Ms Oborn will be holding Gawler Dark History Tours on Sundays during History Month, visiting Dead Mans Pass, Pioneer Park and Murray St.
“People walking through the streets are usually unaware just how steeped in history the town of Gawler really is,” Ms Oborn said. “There are many great people who used to live here, some of whom died in some unusual and quirky ways”.
“The tours are about giving people a different perspective on their town and about learning about a side of history that may have been forgotten.”
Ms Oborn said the sightings of ghosts and visiting haunted spaces used to “terrify” her but now she finds it fascinating.
“I still get a real uneasy feeling when I am in a space and I can feel something supernatural going on,” she said. “I usually get goose-bumps but mostly now I get really excited.”
Ms Oborn is no stranger to the supernatural. For the past nine years she has been a volunteer tour guide at the Old Adelaide Gaol reputed to be one of the most haunted sites in SA.
She also runs ghost tours at Old Tailem Town Pioneer Village, St Ceceilia Mansion in Peterborough and the town of Burra.
“My tours are a bit of fun and a chance for people interested in history and the paranormal to find out about the history of a town.”
The Gawler tours are now reserved for group bookings Sun – Weds. For enquiries Contact Us
This is an archived copy of The Bunyip ‘Sharing Gawler Ghosts’ story by Ellouise Goodwin, published on July 13, 2011.
It was the story of Adelaide Haunted Horizons’ imminent launch of our Gawler Dark History and Ghost Tours.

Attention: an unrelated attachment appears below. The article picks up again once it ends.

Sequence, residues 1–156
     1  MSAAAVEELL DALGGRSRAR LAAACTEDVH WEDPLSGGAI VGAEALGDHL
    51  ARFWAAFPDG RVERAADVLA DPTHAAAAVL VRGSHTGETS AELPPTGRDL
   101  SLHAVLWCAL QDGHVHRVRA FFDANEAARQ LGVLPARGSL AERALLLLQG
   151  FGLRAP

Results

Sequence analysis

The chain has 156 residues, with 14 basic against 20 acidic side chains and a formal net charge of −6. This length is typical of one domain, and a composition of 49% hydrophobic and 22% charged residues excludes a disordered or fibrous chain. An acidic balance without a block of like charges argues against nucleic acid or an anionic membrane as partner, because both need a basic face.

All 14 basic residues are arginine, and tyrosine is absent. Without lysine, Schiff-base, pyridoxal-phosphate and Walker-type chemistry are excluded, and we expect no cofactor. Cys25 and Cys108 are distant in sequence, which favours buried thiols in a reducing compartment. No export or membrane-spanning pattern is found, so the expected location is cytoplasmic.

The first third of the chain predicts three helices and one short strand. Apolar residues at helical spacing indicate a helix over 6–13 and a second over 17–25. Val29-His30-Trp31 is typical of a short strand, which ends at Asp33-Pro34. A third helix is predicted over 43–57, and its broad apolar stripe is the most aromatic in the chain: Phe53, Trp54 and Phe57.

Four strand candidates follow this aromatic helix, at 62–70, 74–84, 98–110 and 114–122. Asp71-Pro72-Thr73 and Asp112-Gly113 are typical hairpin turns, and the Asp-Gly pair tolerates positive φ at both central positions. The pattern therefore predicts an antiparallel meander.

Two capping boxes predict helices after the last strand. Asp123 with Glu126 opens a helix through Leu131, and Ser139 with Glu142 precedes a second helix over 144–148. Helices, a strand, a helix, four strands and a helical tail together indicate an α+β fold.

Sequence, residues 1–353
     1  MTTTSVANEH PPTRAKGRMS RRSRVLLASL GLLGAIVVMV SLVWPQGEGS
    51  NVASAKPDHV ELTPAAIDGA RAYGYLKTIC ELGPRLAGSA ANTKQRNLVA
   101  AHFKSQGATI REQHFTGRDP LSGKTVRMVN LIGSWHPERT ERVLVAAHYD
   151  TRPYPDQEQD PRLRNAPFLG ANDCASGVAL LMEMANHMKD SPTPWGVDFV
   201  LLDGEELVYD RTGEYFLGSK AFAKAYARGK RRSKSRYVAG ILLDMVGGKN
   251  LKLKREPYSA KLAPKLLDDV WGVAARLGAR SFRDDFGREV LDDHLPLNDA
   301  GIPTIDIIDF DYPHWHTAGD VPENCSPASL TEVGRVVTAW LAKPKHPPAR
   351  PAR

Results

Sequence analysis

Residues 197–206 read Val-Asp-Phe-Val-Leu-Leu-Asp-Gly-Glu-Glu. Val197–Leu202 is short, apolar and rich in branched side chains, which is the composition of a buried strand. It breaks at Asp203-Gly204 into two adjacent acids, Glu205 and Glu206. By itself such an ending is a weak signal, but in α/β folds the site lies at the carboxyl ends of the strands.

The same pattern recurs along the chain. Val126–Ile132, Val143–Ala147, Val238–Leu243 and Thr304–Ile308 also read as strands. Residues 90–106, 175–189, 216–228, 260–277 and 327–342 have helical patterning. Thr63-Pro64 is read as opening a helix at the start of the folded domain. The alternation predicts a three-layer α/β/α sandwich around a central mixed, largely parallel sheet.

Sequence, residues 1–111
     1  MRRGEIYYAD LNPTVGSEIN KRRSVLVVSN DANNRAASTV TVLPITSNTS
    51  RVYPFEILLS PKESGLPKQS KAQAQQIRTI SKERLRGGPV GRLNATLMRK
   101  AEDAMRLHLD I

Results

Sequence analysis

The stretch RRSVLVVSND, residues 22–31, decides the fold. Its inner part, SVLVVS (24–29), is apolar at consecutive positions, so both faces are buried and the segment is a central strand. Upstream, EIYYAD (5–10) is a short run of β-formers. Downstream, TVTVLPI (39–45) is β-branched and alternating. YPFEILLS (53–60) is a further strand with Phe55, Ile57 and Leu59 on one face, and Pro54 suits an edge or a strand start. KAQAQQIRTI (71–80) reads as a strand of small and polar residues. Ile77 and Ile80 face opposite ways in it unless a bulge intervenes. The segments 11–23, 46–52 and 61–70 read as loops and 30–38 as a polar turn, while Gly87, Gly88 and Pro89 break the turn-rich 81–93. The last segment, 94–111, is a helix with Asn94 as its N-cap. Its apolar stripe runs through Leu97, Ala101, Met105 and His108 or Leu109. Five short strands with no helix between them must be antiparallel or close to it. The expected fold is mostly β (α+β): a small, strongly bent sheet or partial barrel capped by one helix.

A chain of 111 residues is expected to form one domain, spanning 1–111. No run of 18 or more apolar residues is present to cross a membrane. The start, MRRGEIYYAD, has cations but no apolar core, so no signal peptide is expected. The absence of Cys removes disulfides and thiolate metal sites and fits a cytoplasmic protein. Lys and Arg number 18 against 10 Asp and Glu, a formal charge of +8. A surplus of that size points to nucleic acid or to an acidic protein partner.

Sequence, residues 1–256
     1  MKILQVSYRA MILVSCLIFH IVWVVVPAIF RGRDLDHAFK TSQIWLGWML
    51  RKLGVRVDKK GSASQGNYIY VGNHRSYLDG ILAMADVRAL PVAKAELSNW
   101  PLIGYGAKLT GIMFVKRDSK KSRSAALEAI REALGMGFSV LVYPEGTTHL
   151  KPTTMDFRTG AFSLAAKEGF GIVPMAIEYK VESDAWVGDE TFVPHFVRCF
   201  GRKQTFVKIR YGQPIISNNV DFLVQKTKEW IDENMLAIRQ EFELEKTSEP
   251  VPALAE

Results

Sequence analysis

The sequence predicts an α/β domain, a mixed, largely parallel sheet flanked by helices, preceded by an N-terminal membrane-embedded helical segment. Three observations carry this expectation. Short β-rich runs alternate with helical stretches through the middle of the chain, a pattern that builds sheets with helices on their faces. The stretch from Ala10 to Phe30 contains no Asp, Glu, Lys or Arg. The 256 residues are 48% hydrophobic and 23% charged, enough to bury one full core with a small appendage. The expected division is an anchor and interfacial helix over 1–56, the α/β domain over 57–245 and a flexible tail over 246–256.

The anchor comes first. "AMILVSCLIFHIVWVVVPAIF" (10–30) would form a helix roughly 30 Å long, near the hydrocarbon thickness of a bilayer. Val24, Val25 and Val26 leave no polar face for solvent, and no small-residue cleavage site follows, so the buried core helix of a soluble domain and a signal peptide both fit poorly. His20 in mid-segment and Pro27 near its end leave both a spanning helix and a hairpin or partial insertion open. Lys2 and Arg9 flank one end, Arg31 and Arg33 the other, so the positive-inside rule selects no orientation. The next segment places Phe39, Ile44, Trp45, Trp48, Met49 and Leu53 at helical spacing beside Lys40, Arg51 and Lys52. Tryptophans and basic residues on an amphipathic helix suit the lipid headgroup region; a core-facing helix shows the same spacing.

“Paranormal Investigator, Alison Oborn , has chosen Gawler as the site for her next ghost tour.
Alison, who currently runs tours in the Old Adelaide Gaol and at the Tailem Town Pioneer Village, said she hopes to be running regular tours through Gawler, in particular Dead Mans Pass, High Street and Murray st by early spring.
“Gawler is the oldest outlying township and it’s got lots of history” she said. “It’s got my curiosity”
It has taken just over a year for Alison to research the history of the area, and according to her, there are many forgotten stories to tell.
“We looked back through the newspapers and found a lot of deaths, murders, suicides and quirky stories that people had long forgotten.”
Stories such as the one about the 13 year old disabled boy who drowned at Dead Mans Pass in 1901.
“I’ve had two people tell me about seeing a ghostly figure among the trees, while they walk early in the morning,” she said.
There is also the story of the fatal tiger attack, which occurred during at circus performance at Gawler South in 1898.
“It’s those kind of quirky stories you want to bring into it… more of the human history,” said Alison.
Alison’s fascination with the paranormal life began when she was a child, living in England.